Scientists identify an ion channel used by viruses to infect host cells

Grup recerca PerŠlvarez

Researchers from the UAB and the UPF have unravelled a mechanism used by viruses to infect cells. The study provides new lines of research for therapeutic possibilities to tackle Dengue, Hepatitis C and Zika virus infections.


Researchers from the Department of Biochemistry and Molecular Biology of the UAB and Pompeu Fabra University have unravelled a mechanism used by viruses to infect cells by formally identifying the interaction between an ion channel and an RNA helicase. The study has been published in Nature Communications.

Viruses are very limited in their own ability to replicate and are totally dependent upon host cell proteins for propagation. In order to infect, viruses bind to receptors on the surface of target cells, enter the cells and hijack host cell machinery to achieve their own ends. One type of cell protein that serves multiple roles in viral infections is RNA helicases.

Ion channels are cell surface proteins that regulate the permeation of ions through the cellular membranes. The flow of ions through the channels modifies electrical signals in the cells and causes rapid changes in the concentration of intracellular second messengers, such as calcium, that control different cellular functions.

One of these channels, the TRPV4, is an interesting channel to study because it responds to a diverse array of chemical and physical stimuli. Because of this gating promiscuity, TRPV4 serves as a versatile sensor that allows individual cells and the entire organism to detect changes in their environment. 

In this study published in Nature Communications, the research team discovered that the RNA helicase DDX3X interacts with the TRPV4 channel. DDX3X is involved in almost all aspects of RNA metabolism that occur both at the nucleus and the cytoplasm, and is also required for virus replication. Accordingly, DDX3X has been shown to translocate between the cytoplasm and the nucleus, although the mechanisms regulating this process is not well understood.

Therefore, the researches sought to characterize the functional significance of the interaction between TRPV4 and DDX3X and whether such interaction had any relevance in virus infection. “We have now identified that the TRPV4 channel is also capable of detecting the presence of viral proteins, thereby allowing the influx of calcium into the cell and the movement of DDX3X into the cell nucleus”, explains Pau Doñate, post-doc at the Molecular Physiology Lab and first author of the article.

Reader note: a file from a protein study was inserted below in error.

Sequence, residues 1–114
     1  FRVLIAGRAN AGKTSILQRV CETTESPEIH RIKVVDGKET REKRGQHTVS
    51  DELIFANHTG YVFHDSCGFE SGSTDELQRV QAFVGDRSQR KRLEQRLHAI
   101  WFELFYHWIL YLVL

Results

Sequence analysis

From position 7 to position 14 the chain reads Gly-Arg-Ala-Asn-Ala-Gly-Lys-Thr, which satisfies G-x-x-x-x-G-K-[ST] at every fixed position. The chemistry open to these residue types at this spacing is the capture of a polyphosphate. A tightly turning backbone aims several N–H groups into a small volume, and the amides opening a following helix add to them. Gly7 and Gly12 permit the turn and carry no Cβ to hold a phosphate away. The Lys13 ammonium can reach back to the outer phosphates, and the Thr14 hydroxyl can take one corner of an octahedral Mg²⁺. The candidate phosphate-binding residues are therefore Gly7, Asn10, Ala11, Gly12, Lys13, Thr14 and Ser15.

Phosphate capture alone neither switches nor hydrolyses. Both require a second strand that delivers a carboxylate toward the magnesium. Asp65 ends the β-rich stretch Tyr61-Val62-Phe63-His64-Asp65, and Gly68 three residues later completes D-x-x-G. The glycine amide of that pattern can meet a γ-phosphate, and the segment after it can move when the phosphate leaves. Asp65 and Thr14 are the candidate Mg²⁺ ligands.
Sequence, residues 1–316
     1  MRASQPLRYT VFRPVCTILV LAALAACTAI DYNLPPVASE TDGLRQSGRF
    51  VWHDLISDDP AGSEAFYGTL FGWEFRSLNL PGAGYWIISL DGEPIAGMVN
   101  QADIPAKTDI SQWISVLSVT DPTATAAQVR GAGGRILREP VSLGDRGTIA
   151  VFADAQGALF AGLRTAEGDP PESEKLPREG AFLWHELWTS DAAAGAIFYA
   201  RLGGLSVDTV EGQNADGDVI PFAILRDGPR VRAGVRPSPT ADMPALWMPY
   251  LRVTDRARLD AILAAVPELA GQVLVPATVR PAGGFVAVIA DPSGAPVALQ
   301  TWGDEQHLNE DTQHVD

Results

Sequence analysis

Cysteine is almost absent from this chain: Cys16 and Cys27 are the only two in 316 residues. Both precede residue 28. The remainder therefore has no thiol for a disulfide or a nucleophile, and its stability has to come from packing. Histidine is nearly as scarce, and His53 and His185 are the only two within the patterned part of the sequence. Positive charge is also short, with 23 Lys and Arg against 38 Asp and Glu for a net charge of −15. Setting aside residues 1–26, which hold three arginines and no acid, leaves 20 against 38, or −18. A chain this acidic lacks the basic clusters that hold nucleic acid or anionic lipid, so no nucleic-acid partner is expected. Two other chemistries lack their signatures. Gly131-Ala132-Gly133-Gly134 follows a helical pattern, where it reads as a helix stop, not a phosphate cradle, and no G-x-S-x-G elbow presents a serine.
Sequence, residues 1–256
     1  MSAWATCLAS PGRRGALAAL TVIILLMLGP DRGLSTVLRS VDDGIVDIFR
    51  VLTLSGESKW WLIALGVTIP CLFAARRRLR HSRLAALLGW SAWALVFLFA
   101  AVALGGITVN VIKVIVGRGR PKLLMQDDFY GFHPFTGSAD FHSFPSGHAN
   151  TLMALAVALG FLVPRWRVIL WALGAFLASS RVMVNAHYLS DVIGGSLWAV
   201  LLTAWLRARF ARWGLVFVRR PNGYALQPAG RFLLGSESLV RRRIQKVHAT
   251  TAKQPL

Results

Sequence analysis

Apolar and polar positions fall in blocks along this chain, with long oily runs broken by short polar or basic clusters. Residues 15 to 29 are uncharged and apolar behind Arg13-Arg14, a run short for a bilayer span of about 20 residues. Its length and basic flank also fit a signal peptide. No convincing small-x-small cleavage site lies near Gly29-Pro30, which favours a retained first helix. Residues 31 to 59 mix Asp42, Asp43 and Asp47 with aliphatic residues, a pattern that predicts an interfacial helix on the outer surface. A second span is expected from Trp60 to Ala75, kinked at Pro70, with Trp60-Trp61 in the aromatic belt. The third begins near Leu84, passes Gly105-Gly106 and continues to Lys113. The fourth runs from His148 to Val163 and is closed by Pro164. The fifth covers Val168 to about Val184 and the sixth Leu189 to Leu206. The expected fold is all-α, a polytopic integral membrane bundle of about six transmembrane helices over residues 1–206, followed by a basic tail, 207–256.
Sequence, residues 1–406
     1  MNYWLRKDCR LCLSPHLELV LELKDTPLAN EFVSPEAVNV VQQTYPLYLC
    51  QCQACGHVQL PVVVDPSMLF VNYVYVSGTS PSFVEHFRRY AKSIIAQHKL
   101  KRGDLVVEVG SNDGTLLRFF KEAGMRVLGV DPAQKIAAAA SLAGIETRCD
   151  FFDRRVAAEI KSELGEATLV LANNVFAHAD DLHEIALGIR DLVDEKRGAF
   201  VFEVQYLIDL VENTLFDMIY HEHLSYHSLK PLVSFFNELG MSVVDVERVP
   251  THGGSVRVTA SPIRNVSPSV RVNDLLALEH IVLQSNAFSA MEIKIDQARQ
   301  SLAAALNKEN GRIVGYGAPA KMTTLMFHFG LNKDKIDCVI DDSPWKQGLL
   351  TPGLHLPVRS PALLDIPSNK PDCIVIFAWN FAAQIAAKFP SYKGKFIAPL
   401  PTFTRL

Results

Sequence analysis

Over the past years there have been unexpected illnesses and epidemics among humans generated by emerging Dengue, Zika, West Nile and Chikungunya viruses. These RNA viruses are capable of rapid mutation and selecting new variants in the face of environmental changes, hindering the identification of viral targets for pharmacological treatment and the control of epidemics.

However, as viruses are totally dependent upon host cell proteins for replication, it is of paramount importance to discover novel cell proteins and signalling pathways required for viral infection that may be viable targets for drug therapy regimens.

This approach has the advantage of targeting cellular proteins that are not subject to the rapid mutation rates seen for virus genomes. “Precisely, our finding that genetics of pharmacological inhibition of the TRPV4 channel reduced infection by Dengue, Zika and Hepatitis C viruses, opens new lines of research for therapeutic possibilities to tackle these virus infections”, says Valverde.

"This research allows us better to understand how our epithelial cells detect external stimuli, and at the same time defines new drug targets which open up an array of possibilities in preventing and treating such important viral infections such as Dengue, Zika and Hepatitis C", concludes UAB researcher Alex Perálvarez.


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